Some advises before buying a resin kit

Before you buy a new resin/garage kit, what should you know?

First of all, the difference between resin and garage kit is not obvious, sometimes it makes new comer confused about it, but actually there’s no need to differentiate since they’re kinds of unbuilt and unpainted model figures which need your time and efforts to finish them. In the article the author provide a way to distinguish them by the producer of the kits, as the article mentioned:
“When I refer to ‘Resin kits’ I mean the kits produced by major manufacturers, such as Volks A-Brand and X-Brand series; Okayama Figure Engineering; and a number of others. A quick search through the Neko Magic site will reveal a number of such kits. By way of contrast, I apply the term ‘Garage kits’ to those produced by individuals or groups, without the backing of such corporations: they may be the work of amateurs or professionals, of individuals or a group, but they are produced independently, without traditional corporate support, and which are primarily sold at hobby festivals. In either case, due to the labour intensive nature of the manufacturing process, such kits are often produced in limited numbers.”

Second, a problem that always bother the original authors of the resin/garage kits will be the recasting problem which causes a heavy damage on the revenue. There’re always lots of pirate copies selling ASAP on the internet or even through the vendors or stores have a bank of customers, therefore no income or only a very little amount of it can be shared by the authors who should be the only people that earn these copyright money.
And, there’re lots more problems with the pirate copy kits here you can see in the article:
“There are a number of problems associated with bootleg kits. Firstly, there is the simple matter of creator’s rights: the artists and artisans who create the original kits are not receiving any payment for these bootlegs. If these creators are not paid, they have no incentive to create new work, and the whole hobby will grind to a painful halt. Secondly, bootleg kits often lack the finishing detailing elements. Finally, being recasts of pre-existing kits or figures, details, which were present in the original moulds and kits, may become distorted, or lost all together. Furthermore, any defects present in the source for the recast may become exaggerated, making the kit more difficult to paint and assemble satisfactorily.”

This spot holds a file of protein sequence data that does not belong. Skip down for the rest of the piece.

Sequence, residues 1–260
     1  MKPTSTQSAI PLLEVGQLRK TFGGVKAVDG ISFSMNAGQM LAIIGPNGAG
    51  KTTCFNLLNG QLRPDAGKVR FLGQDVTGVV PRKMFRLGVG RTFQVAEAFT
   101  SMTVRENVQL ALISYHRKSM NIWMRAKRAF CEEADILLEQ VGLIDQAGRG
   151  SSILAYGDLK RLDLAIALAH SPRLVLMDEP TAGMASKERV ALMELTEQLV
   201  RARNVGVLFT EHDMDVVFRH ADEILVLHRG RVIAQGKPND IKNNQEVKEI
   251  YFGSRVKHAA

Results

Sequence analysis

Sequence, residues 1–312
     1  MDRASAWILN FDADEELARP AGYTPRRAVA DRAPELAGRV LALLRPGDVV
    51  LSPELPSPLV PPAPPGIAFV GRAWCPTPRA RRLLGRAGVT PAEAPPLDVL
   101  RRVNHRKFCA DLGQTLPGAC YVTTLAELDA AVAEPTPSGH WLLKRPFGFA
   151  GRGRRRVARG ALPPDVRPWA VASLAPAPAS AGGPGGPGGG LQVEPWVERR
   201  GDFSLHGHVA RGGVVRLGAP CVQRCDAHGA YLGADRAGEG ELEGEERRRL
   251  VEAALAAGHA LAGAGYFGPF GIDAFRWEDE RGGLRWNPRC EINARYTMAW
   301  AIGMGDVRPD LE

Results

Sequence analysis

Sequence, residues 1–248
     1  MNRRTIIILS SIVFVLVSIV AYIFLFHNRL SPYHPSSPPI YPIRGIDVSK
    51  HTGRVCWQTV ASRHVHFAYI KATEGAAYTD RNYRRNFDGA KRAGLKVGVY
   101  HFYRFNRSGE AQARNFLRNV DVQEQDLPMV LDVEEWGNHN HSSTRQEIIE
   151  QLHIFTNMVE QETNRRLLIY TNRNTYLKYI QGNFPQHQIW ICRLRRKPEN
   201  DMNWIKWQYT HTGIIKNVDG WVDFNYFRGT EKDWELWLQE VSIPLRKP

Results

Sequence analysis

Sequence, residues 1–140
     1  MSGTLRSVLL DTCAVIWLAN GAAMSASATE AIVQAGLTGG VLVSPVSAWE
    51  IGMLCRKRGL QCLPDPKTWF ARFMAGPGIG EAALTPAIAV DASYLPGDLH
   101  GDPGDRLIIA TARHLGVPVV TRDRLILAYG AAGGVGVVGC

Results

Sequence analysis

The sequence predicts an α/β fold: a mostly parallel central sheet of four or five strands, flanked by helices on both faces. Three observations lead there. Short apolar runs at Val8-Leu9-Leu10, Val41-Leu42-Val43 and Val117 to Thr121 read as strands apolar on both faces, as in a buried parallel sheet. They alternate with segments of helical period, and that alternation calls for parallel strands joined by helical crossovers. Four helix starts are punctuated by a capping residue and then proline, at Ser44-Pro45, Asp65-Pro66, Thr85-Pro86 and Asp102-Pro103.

So how can we know which is the original authentic kit?
1. Those that are manufactured by major companies are typically sold in boxes, with all the necessary extras (chains, rings, etc.) for detailing included.
2. The true Garage Kits, produced by amateurs/fans/hobby groups may not have quite the same high standard of presentation, as they are typically sold through the hobby festivals. Even so, clearly printed monochrome instructions and or component lists will generally be included.

And the better way to buy the original authentic kit?
1. The most straightforward manner is to go to Japan, and purchase the kits at Wonder Festival, or one of the other hobby festivals.
2. Next best option is to go to Japan, and visit some of the retailers who specialise in such things. Areas such as Akihabara and Ikebukuro in Tokyo.
3. Japanese retail staff is universally friendly, enthusiastic, helpful and courteous. Larger shops typically have a well-marked area for the cashiers, and also often indicate on the floor areas for queuing for service.

For buying resin/garage kits on line, how to prevent buying the pirate copies?
The author of the article gives some advises also:
1. The simplest course of action is to check out reliable vendors like HobbyLink Japan and Amiami. These carry limited ranges of the resin kits issued by the major manufacturers.
2. Avoid using eBay: in part because of its inconsistent business practices, but more because it is clearly a channel for bootleg material. Given that many of the eBay vendors of supposed garage kits are not based in Japan the wise buyer should treat their offers with a high degree of scepticism.

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